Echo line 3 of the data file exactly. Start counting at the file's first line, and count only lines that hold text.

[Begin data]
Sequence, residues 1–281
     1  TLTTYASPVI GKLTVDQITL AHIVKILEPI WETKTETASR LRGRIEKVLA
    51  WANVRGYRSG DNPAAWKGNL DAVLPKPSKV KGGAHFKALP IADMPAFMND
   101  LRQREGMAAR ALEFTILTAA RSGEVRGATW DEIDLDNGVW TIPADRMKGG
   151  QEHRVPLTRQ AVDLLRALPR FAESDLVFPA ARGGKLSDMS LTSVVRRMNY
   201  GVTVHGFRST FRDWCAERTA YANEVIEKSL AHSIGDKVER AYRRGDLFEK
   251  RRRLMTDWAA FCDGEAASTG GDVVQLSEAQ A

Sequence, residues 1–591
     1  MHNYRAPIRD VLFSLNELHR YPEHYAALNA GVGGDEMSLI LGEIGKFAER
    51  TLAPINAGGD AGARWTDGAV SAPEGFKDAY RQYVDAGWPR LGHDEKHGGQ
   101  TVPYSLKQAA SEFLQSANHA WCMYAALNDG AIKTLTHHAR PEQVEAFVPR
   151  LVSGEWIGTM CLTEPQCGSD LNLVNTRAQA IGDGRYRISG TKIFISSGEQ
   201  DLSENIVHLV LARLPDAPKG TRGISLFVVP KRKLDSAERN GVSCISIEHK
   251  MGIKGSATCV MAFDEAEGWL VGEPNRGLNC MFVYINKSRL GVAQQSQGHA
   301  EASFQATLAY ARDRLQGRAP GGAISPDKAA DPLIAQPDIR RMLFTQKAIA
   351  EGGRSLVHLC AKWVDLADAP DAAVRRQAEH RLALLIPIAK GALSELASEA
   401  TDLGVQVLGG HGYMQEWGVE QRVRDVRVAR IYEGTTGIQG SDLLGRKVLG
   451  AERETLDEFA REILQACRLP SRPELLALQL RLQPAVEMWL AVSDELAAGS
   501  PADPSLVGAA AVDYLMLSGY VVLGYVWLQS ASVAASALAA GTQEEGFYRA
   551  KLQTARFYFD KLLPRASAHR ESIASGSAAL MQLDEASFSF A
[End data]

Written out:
    51  WANVRGYRSG DNPAAWKGNL DAVLPKPSKV KGGAHFKALP IADMPAFMND